There are the co-workers who are constantly interrupting you in meetings. There are the ones who don’t seem to pull their weight. And there are even the ones who blast their music or chew their gum at the loudest possible volume.
Credit: Blog Naiop
Whatever their annoying habits, these co-workers obviously aren’t all that self-aware. After all, if they knew how much of a nuisance they were, they might actually be embarrassed and put an end to their obnoxious behaviours.
Of course, you’re not one to be blunt in these scenarios. Speaking up to a co-worker who’s annoying or disruptive isn’t just a courageous act—it’s a risk in itself. It can either go over well or backfire on you, or—in the case of someone who’s not in tune with themselves—your feedback just doesn’t stick.
So how can you ensure your comment both resonates and is received positively by a not-so-self-aware colleague? Here are four rules to follow.
1. You Have to Be Super Clear
Since this person is already way behind you in terms of awareness, you have to work extra hard to explain clearly what they’re doing.
Look, this isn’t always easy. But tiptoeing around the real problem only means that the person on the receiving end is either confused, misinformed, or insulted.
So, before you chat with them, get really clear on what exactly they’re doing that’s driving you nuts. Is it what they’re saying or how they’re saying it? Is it something they always do—or only in certain situations? And, is it a habit that they can correct, or is it something that’s out of their hands?
2. You Have to Give Context
Part of how humans best process information is context.
Context makes things easier to remember. Can you remember what you wore last Thursday? Probably not. But if I asked you what you wore last Thursday when you were at a bar with your friends playing pool, you could probably easily recall what your outfit looked like.
Also, context helps explain the “why.” When you tell someone why what they’re doing is bothering you, distracting you, or insulting you, it carries more weight. Sure, you can tell someone to stop talking so loudly around your desk. But, if you tell them that their volume is preventing you from finishing that important report due tomorrow, they may have more empathy and actually turn it down a notch.
Give the person something to work with when delivering whatever feedback you have. When and where were they doing said habit? What was going on at the time? Why did it affect you in this specific way?
3. You Have to Do it Nicely
One, because this person really isn’t meaning to do what they’re doing. As author Julia Chang of LearnVest states, “Most people want to vilify low-EQ co-workers, but don’t fault them for skills they don’t have.”
Be the bigger person and assume that your co-worker is truly well-intentioned and not deliberately trying to drive you up a wall.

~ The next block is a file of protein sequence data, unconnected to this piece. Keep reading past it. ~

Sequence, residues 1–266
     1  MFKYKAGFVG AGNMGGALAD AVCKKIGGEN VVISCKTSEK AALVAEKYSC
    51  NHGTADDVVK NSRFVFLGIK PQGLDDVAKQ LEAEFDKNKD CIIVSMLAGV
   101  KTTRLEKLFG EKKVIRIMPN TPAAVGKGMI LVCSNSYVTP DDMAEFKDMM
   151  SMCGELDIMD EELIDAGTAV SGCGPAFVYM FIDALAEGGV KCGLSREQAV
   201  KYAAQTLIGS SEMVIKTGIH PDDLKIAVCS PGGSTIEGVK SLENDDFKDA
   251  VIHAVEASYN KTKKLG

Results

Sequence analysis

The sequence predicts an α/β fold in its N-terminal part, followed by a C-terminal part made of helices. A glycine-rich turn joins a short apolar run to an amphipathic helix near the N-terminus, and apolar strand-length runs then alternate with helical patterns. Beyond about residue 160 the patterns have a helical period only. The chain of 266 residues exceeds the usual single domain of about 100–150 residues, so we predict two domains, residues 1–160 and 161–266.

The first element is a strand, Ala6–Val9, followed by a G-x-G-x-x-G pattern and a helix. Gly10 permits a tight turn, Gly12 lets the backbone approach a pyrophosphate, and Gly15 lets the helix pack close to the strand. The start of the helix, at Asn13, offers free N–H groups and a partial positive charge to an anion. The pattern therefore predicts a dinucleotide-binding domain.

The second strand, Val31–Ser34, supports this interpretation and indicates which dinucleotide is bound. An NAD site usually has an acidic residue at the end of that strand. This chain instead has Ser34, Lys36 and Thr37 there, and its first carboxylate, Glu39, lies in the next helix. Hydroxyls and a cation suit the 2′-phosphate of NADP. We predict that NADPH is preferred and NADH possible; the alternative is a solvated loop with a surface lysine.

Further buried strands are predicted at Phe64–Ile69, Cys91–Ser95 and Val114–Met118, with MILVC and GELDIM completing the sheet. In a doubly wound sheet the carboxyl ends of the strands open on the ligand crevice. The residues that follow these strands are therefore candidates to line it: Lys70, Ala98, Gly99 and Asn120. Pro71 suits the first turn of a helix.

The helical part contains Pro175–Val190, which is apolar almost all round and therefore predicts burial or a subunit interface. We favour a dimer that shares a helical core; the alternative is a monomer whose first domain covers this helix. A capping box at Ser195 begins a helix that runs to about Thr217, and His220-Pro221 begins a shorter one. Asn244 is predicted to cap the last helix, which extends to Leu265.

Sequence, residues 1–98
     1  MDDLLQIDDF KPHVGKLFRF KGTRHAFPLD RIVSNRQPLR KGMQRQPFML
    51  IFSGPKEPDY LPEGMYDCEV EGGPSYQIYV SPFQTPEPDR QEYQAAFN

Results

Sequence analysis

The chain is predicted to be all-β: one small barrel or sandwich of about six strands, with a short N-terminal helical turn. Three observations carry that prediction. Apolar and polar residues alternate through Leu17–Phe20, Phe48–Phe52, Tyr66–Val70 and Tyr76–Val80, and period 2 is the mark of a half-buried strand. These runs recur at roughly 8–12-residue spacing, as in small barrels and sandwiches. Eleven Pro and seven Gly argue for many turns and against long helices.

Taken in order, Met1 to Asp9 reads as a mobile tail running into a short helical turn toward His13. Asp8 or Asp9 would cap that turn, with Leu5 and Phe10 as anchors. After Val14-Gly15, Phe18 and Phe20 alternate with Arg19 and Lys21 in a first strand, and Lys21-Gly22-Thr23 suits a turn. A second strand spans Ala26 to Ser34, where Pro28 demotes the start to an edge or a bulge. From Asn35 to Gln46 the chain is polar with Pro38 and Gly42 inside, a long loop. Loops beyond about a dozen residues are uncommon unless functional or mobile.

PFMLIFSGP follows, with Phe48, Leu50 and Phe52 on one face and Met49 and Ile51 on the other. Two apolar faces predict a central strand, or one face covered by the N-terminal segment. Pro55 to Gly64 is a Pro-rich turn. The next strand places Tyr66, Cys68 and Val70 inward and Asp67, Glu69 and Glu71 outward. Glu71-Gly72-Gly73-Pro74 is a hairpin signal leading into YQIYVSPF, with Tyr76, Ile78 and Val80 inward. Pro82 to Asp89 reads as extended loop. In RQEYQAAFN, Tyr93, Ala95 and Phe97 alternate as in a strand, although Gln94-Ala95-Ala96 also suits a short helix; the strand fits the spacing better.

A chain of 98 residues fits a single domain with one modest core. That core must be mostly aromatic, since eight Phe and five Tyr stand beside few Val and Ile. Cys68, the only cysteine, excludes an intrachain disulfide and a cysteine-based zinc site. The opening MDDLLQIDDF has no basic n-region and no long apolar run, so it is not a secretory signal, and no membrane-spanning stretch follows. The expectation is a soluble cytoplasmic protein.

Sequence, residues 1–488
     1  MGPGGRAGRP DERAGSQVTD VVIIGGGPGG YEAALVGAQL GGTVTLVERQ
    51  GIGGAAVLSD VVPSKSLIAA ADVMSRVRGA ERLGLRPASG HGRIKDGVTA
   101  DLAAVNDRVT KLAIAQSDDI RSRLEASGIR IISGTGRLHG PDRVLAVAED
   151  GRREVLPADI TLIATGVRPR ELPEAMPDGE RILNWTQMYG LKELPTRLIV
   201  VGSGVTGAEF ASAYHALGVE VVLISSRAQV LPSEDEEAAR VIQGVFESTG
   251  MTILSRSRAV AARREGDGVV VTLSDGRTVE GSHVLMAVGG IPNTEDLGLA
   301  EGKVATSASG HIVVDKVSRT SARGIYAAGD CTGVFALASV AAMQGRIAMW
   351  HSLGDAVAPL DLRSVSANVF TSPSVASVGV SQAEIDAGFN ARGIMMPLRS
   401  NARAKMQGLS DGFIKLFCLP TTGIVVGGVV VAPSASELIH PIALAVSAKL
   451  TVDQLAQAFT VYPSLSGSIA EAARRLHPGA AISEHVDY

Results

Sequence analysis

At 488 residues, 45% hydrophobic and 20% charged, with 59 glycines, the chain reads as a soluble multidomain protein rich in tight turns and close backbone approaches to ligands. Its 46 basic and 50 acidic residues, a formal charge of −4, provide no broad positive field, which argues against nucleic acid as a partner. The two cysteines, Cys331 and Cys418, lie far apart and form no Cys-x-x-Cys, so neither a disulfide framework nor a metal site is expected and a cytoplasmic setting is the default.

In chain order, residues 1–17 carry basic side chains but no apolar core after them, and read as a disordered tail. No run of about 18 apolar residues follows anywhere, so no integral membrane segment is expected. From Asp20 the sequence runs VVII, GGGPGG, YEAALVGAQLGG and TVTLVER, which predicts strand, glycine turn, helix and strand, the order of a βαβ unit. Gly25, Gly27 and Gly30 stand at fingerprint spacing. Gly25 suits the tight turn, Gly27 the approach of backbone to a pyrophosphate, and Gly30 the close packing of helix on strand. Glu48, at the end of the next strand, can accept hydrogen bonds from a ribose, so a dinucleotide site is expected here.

Two, because niceness always pays off in the end. You know how I said earlier that addressing a not-so-self-aware co-worker can backfire? That’s a lot more likely to happen if you do it in a condescending or rude way.
Let’s put these first three points together. For example, let’s say your co-worker is a bit too chatty at the desks. You might approach it in the following way:
Hey David! I was wondering if I could talk to you for a second. While I love chatting with you at our desks—I could literally spend hours talking about dog tweets like we did yesterday—I’ve been really struggling to finish this article that’s due Friday. I personally have a hard time not getting distracted by what everyone’s talking about around me, so I need to call in a small favor: Whenever you want to chat with our team about non-work stuff, could you move to the kitchen or Slack, or pop by toward the end of the day?
4. You Have to Recognize Their Efforts and Hold Them Accountable
It’s possible the first time you say something it still won’t resonate. If that’s the case, a simple poke reminding them of your talk can work wonders:
“Just wanted to remind you that I’d appreciate it if you could keep the talking to a minimum at the desks!”
“Thanks again for listening to my concerns about being interrupted in last week’s meeting. I think your idea was great and I hope we can both throw ideas out there without having to talk over each other!”
But if they’ve already made moves to improve, don’t forget to acknowledge that. Change doesn’t happen overnight—if that chronic interrupter only jumped in once or twice in your latest meeting as opposed to every time, that’s a step in the right direction. Recognize that their effort makes a huge difference for you and isn’t going unnoticed. Doing so strengthens your work relationship and encourages them to keep doing better.
My final piece of advice is, if this person just isn’t budging, you may want to bring in another player—your boss or HR, for example. Because it’s entirely possible to have a co-worker who’s both oblivious and self-centered, having that extra backing gives you more authority to shut the person down. And I highly recommend checking out this article to help you approach a conversation with someone higher up.
By Alyse Kalish
This article first appeared in The Muse.